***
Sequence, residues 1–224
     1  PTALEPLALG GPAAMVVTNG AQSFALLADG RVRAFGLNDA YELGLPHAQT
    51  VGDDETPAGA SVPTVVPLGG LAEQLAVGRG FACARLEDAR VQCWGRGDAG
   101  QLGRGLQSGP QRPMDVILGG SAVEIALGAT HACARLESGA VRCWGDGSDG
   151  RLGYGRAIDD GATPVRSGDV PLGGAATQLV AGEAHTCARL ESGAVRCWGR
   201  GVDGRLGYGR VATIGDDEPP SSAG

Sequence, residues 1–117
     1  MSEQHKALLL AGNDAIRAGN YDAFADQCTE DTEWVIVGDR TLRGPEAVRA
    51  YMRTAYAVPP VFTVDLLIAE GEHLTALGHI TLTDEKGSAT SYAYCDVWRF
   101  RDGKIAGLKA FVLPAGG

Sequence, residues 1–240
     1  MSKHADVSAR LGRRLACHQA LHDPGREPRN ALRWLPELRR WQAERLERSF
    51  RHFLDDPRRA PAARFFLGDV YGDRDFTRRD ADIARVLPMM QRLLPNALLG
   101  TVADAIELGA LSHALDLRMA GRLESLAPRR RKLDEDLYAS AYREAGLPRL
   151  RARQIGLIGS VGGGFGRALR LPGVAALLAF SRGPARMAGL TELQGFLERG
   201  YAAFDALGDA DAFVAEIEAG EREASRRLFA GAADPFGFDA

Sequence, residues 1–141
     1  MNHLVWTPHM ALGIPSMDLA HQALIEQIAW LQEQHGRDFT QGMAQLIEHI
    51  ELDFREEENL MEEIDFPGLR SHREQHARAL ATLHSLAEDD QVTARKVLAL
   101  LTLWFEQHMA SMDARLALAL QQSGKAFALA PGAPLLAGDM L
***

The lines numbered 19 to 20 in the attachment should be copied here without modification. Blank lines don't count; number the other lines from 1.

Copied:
    51  ELDFREEENL MEEIDFPGLR SHREQHARAL ATLHSLAEDD QVTARKVLAL
   101  LTLWFEQHMA SMDARLALAL QQSGKAFALA PGAPLLAGDM L